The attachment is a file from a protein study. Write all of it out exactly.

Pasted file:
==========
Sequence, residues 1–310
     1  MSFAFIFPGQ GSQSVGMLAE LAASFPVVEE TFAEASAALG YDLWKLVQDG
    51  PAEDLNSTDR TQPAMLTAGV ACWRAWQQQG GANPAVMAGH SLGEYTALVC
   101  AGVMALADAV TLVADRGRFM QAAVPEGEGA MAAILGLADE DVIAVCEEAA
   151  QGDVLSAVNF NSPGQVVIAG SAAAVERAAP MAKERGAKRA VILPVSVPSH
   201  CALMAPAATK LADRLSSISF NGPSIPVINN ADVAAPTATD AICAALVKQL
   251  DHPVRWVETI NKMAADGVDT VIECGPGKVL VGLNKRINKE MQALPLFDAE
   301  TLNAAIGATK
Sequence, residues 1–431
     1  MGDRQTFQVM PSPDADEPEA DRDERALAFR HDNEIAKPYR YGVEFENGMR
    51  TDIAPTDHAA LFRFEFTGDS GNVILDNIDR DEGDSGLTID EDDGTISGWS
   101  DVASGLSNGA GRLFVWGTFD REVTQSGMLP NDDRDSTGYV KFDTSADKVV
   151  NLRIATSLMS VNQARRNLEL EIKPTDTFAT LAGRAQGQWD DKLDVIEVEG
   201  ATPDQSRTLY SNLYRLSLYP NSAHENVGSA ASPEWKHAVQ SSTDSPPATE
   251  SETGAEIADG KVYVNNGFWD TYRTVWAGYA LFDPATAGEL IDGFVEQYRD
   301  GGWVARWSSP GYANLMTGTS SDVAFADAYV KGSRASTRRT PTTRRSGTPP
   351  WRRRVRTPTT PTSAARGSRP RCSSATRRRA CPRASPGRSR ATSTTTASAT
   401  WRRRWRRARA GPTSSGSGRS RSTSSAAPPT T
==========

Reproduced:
Sequence, residues 1–310
     1  MSFAFIFPGQ GSQSVGMLAE LAASFPVVEE TFAEASAALG YDLWKLVQDG
    51  PAEDLNSTDR TQPAMLTAGV ACWRAWQQQG GANPAVMAGH SLGEYTALVC
   101  AGVMALADAV TLVADRGRFM QAAVPEGEGA MAAILGLADE DVIAVCEEAA
   151  QGDVLSAVNF NSPGQVVIAG SAAAVERAAP MAKERGAKRA VILPVSVPSH
   201  CALMAPAATK LADRLSSISF NGPSIPVINN ADVAAPTATD AICAALVKQL
   251  DHPVRWVETI NKMAADGVDT VIECGPGKVL VGLNKRINKE MQALPLFDAE
   301  TLNAAIGATK
Sequence, residues 1–431
     1  MGDRQTFQVM PSPDADEPEA DRDERALAFR HDNEIAKPYR YGVEFENGMR
    51  TDIAPTDHAA LFRFEFTGDS GNVILDNIDR DEGDSGLTID EDDGTISGWS
   101  DVASGLSNGA GRLFVWGTFD REVTQSGMLP NDDRDSTGYV KFDTSADKVV
   151  NLRIATSLMS VNQARRNLEL EIKPTDTFAT LAGRAQGQWD DKLDVIEVEG
   201  ATPDQSRTLY SNLYRLSLYP NSAHENVGSA ASPEWKHAVQ SSTDSPPATE
   251  SETGAEIADG KVYVNNGFWD TYRTVWAGYA LFDPATAGEL IDGFVEQYRD
   301  GGWVARWSSP GYANLMTGTS SDVAFADAYV KGSRASTRRT PTTRRSGTPP
   351  WRRRVRTPTT PTSAARGSRP RCSSATRRRA CPRASPGRSR ATSTTTASAT
   401  WRRRWRRARA GPTSSGSGRS RSTSSAAPPT T